Biden says 'every reason' to believe Netanyahu is prolonging war for political gain


WASHINGTON — President Joe Biden said in a recent interview released Tuesday that there is “every reason” to think Israeli Prime Minister Benjamin Netanyahu is prolonging Israel’s war against Hamas in Gaza for political gain.

The comment came in an interview conducted by Time magazine on May 28 when Biden was asked if he believes Netanyahu is prolonging the conflict for self-preservation as some in Israel have said.

“I’m not going to comment on that. There is every reason for people to draw that conclusion,” Biden said, adding that before the war, Netanyahu was facing blowback for wanting an overhaul of the nation’s judicial system. “So it’s an internal domestic debate that seems to have no consequence. And whether he would change his position or not, it’s hard to say, but it has not been helpful.”

Biden explained that his major disagreement with the Israeli prime minister is over Gaza’s future after the war ends.

“What happens after Gaza’s over? What, what does it go back to? Do Israeli forces go back in?” he asked. “I’ve been talking to the Egyptians and been talking to the Saudis. I’ve been talking to the Jordanians, I’ve been talking to the Emiratis. The answer is, if that’s the case, it can’t work. There needs to be a two-state solution, a transition to a two-state solution. And that’s my biggest disagreement with Bibi Netanyahu.”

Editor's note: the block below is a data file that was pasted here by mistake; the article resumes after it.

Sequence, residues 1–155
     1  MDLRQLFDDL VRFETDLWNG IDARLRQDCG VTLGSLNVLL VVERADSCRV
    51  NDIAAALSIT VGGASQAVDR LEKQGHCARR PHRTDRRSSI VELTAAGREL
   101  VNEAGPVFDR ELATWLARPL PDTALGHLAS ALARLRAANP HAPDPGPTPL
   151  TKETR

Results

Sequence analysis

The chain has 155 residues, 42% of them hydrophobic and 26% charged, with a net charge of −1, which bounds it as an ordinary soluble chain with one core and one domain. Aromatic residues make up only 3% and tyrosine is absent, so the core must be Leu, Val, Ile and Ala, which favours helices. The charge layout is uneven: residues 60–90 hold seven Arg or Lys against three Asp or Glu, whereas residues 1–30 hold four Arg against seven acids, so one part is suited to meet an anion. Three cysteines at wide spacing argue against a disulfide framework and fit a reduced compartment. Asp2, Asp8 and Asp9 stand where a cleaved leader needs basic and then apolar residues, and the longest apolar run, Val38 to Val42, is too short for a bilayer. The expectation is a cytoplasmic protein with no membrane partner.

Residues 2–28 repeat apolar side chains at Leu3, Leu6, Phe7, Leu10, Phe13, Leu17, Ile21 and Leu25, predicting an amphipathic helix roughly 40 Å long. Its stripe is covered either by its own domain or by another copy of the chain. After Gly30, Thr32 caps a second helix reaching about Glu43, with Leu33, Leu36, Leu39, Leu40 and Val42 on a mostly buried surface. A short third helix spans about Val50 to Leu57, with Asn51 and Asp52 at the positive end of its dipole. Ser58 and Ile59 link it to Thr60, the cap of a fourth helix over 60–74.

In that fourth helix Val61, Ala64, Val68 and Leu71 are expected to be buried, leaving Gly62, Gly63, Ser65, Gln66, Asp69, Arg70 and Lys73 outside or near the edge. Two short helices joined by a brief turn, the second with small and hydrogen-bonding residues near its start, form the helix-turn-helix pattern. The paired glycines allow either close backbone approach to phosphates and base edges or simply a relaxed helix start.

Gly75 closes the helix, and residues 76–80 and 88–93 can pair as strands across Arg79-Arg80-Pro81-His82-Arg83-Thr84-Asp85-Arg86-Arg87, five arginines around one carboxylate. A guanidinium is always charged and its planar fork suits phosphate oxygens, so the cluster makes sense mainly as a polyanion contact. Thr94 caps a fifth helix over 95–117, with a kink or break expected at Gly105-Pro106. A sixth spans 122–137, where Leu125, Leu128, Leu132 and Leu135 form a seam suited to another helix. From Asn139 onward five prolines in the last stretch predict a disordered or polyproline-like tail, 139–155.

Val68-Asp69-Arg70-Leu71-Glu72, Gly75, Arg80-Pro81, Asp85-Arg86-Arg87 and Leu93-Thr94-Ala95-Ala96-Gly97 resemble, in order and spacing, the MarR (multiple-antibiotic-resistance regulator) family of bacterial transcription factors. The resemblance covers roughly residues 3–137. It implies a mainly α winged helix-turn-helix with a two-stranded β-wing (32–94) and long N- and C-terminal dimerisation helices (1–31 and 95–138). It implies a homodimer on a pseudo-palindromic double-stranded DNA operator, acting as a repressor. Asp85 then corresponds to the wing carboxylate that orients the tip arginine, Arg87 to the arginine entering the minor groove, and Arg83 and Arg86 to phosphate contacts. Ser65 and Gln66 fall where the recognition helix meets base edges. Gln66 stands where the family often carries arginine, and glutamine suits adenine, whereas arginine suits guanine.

When asked if Netanyahu was the only one standing in the way of a package of proposals that might aid in transitioning to a two-state solution, Biden said he had to be careful about what he told Time because he acknowledged the magazine article would come out later on, and he was already in the process of negotiating a possible path forward.

“I think there is a clear path for a transition where the Arab states would provide security and reconstruction in Gaza in return for a longer-term commitment to a transition to a two-state solution,” Biden said. “And that extends all the way from Saudi Arabia, who I continue to talk to — my team — to the Jordanians that are trying to work bringing in goods and certain goods now, food, medicine, etc. And the Egyptians who I’ve been talking with frequently about what happens in terms of access for more material to get into Gaza to prevent this catastrophe from continuing.”

The interview took place last Tuesday, several days before he announced in remarks at the White House on Friday that Israel had submitted a proposal for a ceasefire in Gaza.

An Israeli official, however, told NBC News on Monday that Biden’s description of the offer was “not accurate.”

Biden’s relationship with Netanyahu has grown contentious since Israel entered Gaza following Hamas’ attack on Israel on Oct. 7. The president has faced growing opposition from the far left of the Democratic Party over U.S. policy toward Israel in its efforts to help its close ally.

Asked last week by Time if Israeli forces have committed war crimes in Gaza, Biden said. “The answer is it’s uncertain and has been investigated by the Israelis themselves. The ICC is something that we don’t, we don’t recognize,” he added, referring to the International Criminal Court, whose chief prosecutor sought arrest warrants last month against Israeli leaders, including Netanyahu, for alleged war crimes. “But one thing is certain, the people in Gaza, the Palestinians have suffered greatly, for lack of food, water, medicine, etc. And a lot of innocent people have been killed.”

This article was originally published on NBCNews.com



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